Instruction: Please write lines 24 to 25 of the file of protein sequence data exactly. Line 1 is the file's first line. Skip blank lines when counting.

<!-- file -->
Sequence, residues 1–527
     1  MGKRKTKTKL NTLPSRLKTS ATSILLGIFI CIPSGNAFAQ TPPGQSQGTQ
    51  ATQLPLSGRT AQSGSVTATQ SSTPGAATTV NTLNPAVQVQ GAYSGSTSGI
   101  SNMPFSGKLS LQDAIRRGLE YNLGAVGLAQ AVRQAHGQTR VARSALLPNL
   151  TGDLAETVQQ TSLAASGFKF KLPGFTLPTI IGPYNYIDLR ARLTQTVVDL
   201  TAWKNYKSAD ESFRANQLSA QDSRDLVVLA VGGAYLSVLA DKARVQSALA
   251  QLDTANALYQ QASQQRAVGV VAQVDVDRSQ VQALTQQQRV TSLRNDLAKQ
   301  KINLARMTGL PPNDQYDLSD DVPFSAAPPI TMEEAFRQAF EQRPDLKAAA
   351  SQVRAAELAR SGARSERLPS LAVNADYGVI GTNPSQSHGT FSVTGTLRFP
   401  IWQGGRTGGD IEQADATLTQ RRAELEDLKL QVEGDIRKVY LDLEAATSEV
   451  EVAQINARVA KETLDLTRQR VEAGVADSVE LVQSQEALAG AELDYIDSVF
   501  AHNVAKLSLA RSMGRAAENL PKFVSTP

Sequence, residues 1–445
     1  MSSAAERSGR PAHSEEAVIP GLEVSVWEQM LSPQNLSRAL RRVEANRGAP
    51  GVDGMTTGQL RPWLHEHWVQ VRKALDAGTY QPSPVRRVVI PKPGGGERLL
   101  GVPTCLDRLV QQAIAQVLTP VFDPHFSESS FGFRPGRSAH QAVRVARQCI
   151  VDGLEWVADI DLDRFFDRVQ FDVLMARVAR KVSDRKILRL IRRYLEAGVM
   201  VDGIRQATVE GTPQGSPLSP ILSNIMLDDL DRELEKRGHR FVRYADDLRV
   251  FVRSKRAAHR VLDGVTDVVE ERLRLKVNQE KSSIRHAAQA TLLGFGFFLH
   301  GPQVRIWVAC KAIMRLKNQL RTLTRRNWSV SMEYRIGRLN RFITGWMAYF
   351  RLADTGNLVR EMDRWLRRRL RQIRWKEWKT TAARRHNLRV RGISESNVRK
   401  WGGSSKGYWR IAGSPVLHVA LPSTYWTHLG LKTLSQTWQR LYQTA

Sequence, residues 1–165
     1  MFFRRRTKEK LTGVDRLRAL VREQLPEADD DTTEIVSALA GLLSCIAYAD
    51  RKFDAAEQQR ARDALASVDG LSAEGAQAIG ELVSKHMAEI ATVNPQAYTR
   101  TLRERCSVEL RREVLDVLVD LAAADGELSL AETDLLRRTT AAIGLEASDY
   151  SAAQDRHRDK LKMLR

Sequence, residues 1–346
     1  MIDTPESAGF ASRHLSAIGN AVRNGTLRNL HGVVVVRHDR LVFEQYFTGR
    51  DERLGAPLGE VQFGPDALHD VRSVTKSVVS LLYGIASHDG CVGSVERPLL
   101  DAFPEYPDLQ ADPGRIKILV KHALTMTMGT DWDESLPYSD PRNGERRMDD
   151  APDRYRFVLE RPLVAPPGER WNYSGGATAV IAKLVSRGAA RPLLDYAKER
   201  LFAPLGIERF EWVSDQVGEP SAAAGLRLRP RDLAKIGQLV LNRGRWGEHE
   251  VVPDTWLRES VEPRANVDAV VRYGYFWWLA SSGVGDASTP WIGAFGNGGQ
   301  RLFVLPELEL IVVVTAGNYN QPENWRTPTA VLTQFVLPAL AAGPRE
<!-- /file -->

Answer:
     1  MFFRRRTKEK LTGVDRLRAL VREQLPEADD DTTEIVSALA GLLSCIAYAD
    51  RKFDAAEQQR ARDALASVDG LSAEGAQAIG ELVSKHMAEI ATVNPQAYTR